ER: The detail in Life Songs about your parents giving you a heart pendant with your new birthstone in it is very touching. Can you write more about your coming out process to them, and their process of coming to know Audrey?
Yeah, my parents have been awesome. Like, seriously amazing. The coming out process– well, I’m super emotional and I knew I couldn’t have a conversation with them ’cause I would’ve ended up crying the whole time. So, I wrote them a coming-out letter. My dad surprised me as always. He just kinda shrugged it off and embraced it with a “you’re an adult; you gotta do what you gotta do.” Haha! He did have trouble with pronouns for a long time, but whatever. It was just out of habit and not any type of slight. My mom was the one who had a little more trouble with it, but turned it more inward. She worried more like she did something wrong while she was pregnant and different stuff like that. But that was all short-lived. My sister helped a lot in that arena because she remembered a lot of incidents from my childhood and adolescence, some of which I wrote about in the book, and reminded my mom about them to shed some light. My relationship with my parents actually got closer after I came out, too. I don’t know– I guess I just felt more like I could be myself and not hide behind the same old façade I had been. That was quite liberating and it brought us closer. I also think it was easy for them, too, because I was still attracted to women. So, the only things changing for them were my name, appearance, and pronouns. So, suddenly they just had this super cool lesbian daughter. And I mean, who wouldn’t want that? AMIRIGHT?!?
ER: There are so many character who make appearances throughout Life Songs, Alice and Hailey being chief among them: do you still keep in touch?
AMC: Alice and Hailey are still very present and positive parts of my life. Alice and I are less in touch now that we’re in different cities, but still touch base every week or so. She and her brother came to visit me in Chicago in April and we had a wonderful time. Alice and I are both in transitional moments in our lives, so it will be nice to be there for each other as we continue to embark on our next adventures. Hailey and I are probably closer now than we ever have been– it’s a friendship that continues to grow and deepen. She, too, is in a transitional point in her life, so it’s nice to be there for her as she sets forth on her next journey.
ER: You remark that your sexual orientation has shifted slightly: can you describe what that shift has been like for you?
I’m not sure if my sexual orientation has shifted or if my mind has opened. I recognize that I find a very specific type of guy attractive. But, as I’ve said to my friends before, I’d be attracted to 99 women before I’m attracted to one man. And Sufjan Stevens is that one man. Kidding! Um… no but seriously, I’m in love with Sufjan Stevens. Besides that, though, yeah, it’s just an opening up of my attitude more than anything else. It’s liberating to recognize that I might meet some guy (named Sufjan or not) and we may get along super well and have the same type of quick bonding simpatico I’ve usually felt only with women. And I may very possibly start to have desires towards him. And I’m okay with that. At this point in my life, I don’t want to box myself in with any preconceived notions about who I am or what I am. I’m just me. And I’m queer as shit.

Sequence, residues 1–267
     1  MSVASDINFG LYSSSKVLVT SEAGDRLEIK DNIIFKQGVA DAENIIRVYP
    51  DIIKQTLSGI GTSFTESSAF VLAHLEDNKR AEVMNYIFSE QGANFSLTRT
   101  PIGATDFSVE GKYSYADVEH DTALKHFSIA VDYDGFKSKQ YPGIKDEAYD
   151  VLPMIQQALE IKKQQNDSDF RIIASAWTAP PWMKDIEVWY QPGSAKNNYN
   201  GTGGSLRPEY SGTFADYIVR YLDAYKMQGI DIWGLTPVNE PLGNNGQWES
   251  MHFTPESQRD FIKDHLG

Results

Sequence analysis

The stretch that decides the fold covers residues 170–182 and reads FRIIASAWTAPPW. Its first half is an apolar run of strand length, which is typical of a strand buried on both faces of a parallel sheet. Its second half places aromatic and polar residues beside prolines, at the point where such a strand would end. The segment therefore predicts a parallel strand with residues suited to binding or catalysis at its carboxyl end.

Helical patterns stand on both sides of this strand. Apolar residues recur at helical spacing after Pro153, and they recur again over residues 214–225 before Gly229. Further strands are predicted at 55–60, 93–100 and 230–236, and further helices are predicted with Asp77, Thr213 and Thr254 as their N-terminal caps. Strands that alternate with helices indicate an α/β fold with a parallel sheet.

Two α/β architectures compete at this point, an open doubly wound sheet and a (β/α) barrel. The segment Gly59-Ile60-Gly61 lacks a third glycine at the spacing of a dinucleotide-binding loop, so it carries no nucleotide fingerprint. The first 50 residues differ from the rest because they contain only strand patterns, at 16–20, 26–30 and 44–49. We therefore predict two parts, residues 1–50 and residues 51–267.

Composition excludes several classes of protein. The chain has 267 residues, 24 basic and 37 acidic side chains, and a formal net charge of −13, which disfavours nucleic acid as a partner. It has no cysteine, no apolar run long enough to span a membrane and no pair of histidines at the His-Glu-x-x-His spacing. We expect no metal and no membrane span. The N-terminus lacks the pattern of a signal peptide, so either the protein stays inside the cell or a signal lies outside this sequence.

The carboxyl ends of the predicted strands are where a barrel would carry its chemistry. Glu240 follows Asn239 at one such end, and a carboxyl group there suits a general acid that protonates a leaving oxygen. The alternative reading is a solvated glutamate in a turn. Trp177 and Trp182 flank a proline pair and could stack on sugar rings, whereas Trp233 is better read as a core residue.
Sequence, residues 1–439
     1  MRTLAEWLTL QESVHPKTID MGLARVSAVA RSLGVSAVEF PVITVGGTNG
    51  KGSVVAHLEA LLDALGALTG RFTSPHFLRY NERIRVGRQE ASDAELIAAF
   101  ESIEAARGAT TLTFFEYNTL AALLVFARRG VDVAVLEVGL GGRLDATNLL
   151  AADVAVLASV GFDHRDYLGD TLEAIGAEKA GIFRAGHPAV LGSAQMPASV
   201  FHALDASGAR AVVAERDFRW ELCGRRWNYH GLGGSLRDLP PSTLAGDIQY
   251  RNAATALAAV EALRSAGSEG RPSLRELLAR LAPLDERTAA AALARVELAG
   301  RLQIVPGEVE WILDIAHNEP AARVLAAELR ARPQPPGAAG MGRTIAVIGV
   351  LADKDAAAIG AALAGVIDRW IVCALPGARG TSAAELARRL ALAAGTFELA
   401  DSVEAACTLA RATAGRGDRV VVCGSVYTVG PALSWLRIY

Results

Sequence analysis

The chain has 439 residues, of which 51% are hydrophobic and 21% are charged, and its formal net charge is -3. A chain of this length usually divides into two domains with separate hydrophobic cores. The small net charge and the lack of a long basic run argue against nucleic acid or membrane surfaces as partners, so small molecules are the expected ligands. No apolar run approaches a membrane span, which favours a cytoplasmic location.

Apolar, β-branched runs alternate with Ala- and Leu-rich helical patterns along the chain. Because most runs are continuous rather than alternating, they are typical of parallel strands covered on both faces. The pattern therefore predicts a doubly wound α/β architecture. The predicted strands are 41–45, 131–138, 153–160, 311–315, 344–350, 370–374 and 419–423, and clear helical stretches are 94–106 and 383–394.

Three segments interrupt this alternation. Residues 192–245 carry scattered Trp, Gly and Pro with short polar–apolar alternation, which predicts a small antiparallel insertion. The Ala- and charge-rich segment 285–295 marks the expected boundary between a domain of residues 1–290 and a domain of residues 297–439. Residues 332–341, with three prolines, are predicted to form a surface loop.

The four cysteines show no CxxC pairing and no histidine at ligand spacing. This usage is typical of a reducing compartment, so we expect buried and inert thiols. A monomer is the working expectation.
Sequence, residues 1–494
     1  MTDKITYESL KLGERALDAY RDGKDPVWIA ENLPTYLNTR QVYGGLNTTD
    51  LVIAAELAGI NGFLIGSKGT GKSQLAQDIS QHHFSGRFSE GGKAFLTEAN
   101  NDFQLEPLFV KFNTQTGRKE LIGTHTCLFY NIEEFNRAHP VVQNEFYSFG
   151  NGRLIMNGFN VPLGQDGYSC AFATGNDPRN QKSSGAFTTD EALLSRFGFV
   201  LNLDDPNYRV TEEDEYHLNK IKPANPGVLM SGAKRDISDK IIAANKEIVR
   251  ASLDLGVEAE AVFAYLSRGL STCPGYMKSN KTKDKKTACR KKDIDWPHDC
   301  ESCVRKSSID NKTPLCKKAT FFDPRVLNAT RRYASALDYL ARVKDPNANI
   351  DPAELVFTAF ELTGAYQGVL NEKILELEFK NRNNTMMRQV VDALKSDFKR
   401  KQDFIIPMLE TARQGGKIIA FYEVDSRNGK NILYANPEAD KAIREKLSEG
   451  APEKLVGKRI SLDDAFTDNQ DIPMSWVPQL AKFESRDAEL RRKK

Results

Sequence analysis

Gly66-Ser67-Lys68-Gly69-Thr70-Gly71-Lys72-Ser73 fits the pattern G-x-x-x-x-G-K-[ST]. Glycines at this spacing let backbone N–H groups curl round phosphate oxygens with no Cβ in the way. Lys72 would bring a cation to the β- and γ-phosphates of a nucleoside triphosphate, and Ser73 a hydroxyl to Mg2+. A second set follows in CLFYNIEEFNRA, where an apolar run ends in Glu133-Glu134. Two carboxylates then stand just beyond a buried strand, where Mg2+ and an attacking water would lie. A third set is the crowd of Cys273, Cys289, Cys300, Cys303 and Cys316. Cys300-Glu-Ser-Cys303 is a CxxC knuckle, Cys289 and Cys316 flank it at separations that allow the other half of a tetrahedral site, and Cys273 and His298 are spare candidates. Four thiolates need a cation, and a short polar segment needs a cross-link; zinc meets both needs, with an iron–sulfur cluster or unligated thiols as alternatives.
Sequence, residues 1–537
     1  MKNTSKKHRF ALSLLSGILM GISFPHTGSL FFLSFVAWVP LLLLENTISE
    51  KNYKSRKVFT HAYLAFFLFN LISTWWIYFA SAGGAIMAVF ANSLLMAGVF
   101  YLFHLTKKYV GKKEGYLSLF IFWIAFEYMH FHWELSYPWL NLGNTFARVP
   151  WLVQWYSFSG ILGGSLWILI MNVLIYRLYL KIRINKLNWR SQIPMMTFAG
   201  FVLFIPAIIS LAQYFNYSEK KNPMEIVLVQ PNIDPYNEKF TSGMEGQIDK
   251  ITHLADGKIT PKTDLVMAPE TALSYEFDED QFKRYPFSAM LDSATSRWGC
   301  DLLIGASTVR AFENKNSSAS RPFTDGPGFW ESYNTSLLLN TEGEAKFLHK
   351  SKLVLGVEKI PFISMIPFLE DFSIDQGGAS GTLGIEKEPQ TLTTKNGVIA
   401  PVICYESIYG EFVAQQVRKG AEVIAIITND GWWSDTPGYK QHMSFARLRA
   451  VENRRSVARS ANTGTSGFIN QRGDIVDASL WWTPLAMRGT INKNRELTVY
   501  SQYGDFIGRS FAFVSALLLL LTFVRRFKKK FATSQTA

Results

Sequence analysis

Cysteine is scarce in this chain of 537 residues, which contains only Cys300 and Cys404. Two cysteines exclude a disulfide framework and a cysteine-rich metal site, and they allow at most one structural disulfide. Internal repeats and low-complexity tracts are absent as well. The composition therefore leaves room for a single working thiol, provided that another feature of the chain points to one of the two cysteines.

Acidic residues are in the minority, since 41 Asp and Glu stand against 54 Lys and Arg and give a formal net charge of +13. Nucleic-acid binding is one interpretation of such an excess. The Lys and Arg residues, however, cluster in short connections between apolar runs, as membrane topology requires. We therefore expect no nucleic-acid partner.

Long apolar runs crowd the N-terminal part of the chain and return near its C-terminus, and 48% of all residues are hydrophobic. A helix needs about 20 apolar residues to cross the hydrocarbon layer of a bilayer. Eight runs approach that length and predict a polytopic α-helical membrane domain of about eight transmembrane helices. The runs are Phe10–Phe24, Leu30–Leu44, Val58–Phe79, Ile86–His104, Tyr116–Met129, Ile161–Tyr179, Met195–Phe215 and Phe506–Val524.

ER: What are your current queer politics?
AMC: My move to Chicago has seen my politics recede a little bit more to the background. I mean, Brooklyn is just so queer and so political that anything after that would be a step down. But, my Brooklyn experience has left me with this strong sense of wanting to push away anything even closely resembling the hetero- or homonormative realms. I don’t know if my politics, generally, would be considered “queer,” because I’m a dreamer after all. I have these vastly grand ideals that extend way beyond queer politics and get more into the realm of socialism and populism and anti-capitalism. This music project that I’m about to embark on– I have such a yearning to make a difference. To do something that makes people think and want to actually do something instead of just post about it on social media.
ER: In the closing pages you define yourself as a dreamer, can you write a little about how you see that part of yourself inform your day-to-day routine?
Wow, I wish I knew where this romantic, dreamer side of me came from. I think it’s just the way the stars were aligned when I came into this world. I can’t remember a time when I didn’t dream of big things, or a better world, or romanticized situations. As I’ve grown older, it’s taken on new facets and extended to politics, as well. I could never be a politician because I’m far too romantic and idealist, with such strong socialist and populist leanings. Kind of a hippie in that sense, I guess. I get teary-eyed and a lump in my throat if I think about people coming together and helping each other out. I care so very much about making the world a better place for everyone and it sometimes feels overwhelming because what can one person really do? If I could find a reality where my dreams could live, then I think I’d have found utopia. But in this particular reality, in my day-to-day, I’ve worked hard at removing all stressors from my life; I steer clear of drama magnets; and I avoid situations in which I have to justify my actions.
Thanks for your time, Audrey!